In this new age of cancer immunotherapy, two versions have been approved. The first are checkpoint inhibitors, which have begun to change the way skin, lung, and other cancers are treated. The second are CAR-T cell therapies, which have shown promise in blood cancers. A third type of cancer immunotherapy is just now reaching clinical studies, and some early returns are in.
Neon Therapeutics (NASDAQ: NTGN) today is disclosing results from an early study of a personalized vaccine that, for manufacturing, first requires extracting a sample of a patient’s own tumor. The process currently takes a few months and adds an extra degree of difficulty to a field that is already testing the cutting edge of biology.
The results “look promising” but come with plenty of caveats, according to the study’s lead investigator. “I wouldn’t say I’m convinced that this has activity. We don’t know,” said Patrick Ott, the clinical director of Dana Farber Cancer Institute’s Center for Immuno-Oncology in Boston. (Neon spun out of research at Dana Farber. Ott did some consulting for Neon, but says he has no current ties to the company.)
The Phase 1 trial of Neon’s NEO-PV-01 recruited 82 patients with various solid tumors. They first received the Bristol-Myers Squibb (NYSE: BMY) immunotherapy nivolumab (Opdivo), then 12 weeks later received the Neon vaccine. The top-line results of the study showed about 40 percent of the participants—those with advanced melanoma, a type of skin cancer—did quite well based on how long their tumors were kept from growing. Others, with bladder and lung cancers, also did well.
But there are several reasons to temper enthusiasm. Among them: The staggered dosing of Opdivo and NEO-PV-01 makes it difficult to tell if good results are from the vaccine or a delayed effect of Opdivo, said Ott.
Another reason is that the regimen hasn’t been studied head-to-head against a checkpoint inhibitor—a test that would provide more definitive answers.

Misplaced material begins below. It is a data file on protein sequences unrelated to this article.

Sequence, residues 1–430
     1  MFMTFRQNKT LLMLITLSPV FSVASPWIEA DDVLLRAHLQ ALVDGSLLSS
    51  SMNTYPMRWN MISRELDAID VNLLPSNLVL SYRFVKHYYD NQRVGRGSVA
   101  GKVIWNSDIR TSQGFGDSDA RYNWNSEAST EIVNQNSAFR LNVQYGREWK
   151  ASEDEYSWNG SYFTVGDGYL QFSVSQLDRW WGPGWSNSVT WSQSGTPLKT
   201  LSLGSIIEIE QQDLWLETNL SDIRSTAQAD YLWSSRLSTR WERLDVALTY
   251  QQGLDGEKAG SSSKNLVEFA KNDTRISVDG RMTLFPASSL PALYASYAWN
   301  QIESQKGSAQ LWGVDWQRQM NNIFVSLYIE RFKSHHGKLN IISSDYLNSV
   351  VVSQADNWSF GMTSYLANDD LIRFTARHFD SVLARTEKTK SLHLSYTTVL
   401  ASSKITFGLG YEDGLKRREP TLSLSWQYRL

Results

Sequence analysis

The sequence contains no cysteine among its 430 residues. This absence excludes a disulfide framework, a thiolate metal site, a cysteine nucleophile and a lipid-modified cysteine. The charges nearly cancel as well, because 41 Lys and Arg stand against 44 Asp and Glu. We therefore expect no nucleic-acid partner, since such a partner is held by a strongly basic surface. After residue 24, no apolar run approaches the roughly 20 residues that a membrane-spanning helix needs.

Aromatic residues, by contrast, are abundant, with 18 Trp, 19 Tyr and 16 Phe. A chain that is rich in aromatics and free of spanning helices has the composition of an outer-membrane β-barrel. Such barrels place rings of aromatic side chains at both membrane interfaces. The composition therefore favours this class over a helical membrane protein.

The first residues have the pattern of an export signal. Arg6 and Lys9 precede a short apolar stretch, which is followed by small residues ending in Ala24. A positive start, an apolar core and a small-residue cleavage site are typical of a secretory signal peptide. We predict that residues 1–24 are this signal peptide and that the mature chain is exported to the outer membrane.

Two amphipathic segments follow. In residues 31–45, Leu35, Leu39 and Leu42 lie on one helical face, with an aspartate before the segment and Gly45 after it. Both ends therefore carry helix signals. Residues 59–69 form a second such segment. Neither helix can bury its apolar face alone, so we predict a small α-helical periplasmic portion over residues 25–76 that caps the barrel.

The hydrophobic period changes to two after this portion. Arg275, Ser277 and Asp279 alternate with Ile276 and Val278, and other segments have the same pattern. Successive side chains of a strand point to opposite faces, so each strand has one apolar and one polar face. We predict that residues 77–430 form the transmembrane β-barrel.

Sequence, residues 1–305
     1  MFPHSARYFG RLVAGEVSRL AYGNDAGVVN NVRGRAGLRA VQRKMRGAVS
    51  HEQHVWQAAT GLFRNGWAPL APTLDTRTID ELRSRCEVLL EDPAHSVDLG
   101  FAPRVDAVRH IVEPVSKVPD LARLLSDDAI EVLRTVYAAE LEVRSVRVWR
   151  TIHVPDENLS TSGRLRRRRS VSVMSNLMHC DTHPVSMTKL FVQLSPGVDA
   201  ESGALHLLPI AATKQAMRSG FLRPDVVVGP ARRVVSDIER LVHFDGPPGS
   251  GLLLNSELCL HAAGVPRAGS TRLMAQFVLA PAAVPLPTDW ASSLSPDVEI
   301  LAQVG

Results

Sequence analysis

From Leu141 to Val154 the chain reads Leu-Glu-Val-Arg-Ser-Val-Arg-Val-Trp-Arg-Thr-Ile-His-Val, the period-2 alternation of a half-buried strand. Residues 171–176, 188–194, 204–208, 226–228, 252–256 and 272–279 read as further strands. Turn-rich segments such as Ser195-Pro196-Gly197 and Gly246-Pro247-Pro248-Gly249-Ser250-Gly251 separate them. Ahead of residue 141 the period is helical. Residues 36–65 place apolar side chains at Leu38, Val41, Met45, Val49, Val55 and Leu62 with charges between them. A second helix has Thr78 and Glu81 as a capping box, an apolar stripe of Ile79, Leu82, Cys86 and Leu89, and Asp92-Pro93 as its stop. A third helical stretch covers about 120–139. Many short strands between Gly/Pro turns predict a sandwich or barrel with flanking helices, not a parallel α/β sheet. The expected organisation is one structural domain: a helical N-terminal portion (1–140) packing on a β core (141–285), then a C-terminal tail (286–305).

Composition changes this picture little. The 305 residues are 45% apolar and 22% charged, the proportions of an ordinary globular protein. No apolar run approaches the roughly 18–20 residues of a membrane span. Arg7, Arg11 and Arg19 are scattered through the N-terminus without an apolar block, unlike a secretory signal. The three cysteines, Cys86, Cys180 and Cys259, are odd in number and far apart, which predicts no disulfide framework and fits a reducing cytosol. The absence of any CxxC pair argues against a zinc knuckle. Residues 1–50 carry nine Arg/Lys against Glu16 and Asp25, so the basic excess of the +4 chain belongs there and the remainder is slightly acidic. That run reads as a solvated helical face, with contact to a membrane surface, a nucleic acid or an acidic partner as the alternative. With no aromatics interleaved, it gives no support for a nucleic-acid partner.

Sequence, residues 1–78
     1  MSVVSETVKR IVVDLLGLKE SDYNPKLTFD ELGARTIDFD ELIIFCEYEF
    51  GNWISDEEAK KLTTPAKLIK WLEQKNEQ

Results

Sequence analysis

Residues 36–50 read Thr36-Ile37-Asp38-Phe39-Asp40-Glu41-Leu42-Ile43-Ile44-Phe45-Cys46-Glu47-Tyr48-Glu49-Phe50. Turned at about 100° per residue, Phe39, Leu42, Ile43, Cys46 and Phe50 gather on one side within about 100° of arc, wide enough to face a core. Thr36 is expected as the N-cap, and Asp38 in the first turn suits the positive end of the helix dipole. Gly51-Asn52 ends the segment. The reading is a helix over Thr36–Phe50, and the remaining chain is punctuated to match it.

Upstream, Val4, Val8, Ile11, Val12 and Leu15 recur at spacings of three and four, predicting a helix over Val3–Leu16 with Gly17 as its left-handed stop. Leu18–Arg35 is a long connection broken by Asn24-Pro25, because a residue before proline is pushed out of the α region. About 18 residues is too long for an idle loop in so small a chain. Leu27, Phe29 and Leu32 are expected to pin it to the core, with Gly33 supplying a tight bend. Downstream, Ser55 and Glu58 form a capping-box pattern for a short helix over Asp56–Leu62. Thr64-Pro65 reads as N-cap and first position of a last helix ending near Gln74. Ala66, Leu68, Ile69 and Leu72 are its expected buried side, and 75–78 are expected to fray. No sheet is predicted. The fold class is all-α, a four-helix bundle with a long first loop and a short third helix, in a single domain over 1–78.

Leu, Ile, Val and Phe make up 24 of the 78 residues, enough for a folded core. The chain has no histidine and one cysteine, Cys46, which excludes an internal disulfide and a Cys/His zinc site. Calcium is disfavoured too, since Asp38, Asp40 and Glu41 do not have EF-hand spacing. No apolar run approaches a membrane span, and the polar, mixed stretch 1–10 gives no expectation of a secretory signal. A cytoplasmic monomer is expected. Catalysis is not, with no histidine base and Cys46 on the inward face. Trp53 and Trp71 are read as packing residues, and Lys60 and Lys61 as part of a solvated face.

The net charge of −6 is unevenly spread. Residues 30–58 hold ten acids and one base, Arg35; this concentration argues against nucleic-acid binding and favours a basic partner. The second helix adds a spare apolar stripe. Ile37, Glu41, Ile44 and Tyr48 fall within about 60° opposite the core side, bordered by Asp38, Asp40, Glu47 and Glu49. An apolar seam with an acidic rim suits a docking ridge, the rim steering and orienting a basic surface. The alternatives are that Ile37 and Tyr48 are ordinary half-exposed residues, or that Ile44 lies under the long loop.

It’s also unclear if the combination will help patients live longer, the gold standard for a cancer medicine. And other immunotherapy combinations have showed early promise only to flounder later.
Neon CEO Hugh O’Dowd, a former Novartis (NYSE: NVS) oncology executive, called it “the first demonstration of clinical activity” for this kind of cancer treatment, which is called a neoantigen vaccine.
Neon has competitors in the neoantigen vaccine field, among them Gritstone Oncology (NASDAQ: GRTS), and Genocea Biosciences (NASDAQ: GNCA). Messenger RNA drug developers Moderna (NASDAQ: MRNA) and BioNTech are in the mix with different methods, as are Advaxis (NASDAQ: ADXS), Agenus (NASDAQ: AGEN), and others. (This article by consulting firm Back Bay Life Science Advisors takes a deeper look at the field.)
Neoantigen vaccines contain a cocktail of engineered neoantigens—proteins that form on the surface of tumor cells as they mutate. These neoantigens can drive tumor growth, but they also serve as genetic fingerprints that the immune system can recognize if it’s tuned properly.
Some research in recent years has linked the presence of neoantigens to better responses to immunotherapy. This paper published in the New England Journal of Medicine in 2014, for instance, showed that a melanoma patient’s response to checkpoint inhibitors depended on the presence, and abundance, of neoantigens.
Logistical challenges await Neon and other neoantigen vaccine developers as they advance. NEO-PV-01 involves a complex process: sample a patient’s tumor, use DNA sequencing technology to identify the neoantigens, and use those insights to develop a vaccine personalized to each patient. Another complex cancer treatment, known as CAR-T, has struggled commercially and takes two to three weeks to produce. O’Dowd says it currently takes … Next Page »